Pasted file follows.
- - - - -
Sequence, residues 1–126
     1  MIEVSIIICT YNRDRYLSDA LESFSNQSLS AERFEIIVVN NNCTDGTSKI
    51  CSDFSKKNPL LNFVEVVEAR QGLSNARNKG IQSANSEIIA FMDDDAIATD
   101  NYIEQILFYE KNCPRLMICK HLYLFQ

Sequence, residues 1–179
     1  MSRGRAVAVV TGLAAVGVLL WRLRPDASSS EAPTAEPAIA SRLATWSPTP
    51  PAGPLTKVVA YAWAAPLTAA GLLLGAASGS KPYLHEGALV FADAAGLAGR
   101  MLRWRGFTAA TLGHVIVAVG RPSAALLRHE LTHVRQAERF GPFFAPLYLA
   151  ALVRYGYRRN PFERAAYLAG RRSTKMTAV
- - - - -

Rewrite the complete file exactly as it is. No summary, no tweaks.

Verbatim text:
Sequence, residues 1–126
     1  MIEVSIIICT YNRDRYLSDA LESFSNQSLS AERFEIIVVN NNCTDGTSKI
    51  CSDFSKKNPL LNFVEVVEAR QGLSNARNKG IQSANSEIIA FMDDDAIATD
   101  NYIEQILFYE KNCPRLMICK HLYLFQ

Sequence, residues 1–179
     1  MSRGRAVAVV TGLAAVGVLL WRLRPDASSS EAPTAEPAIA SRLATWSPTP
    51  PAGPLTKVVA YAWAAPLTAA GLLLGAASGS KPYLHEGALV FADAAGLAGR
   101  MLRWRGFTAA TLGHVIVAVG RPSAALLRHE LTHVRQAERF GPFFAPLYLA
   151  ALVRYGYRRN PFERAAYLAG RRSTKMTAV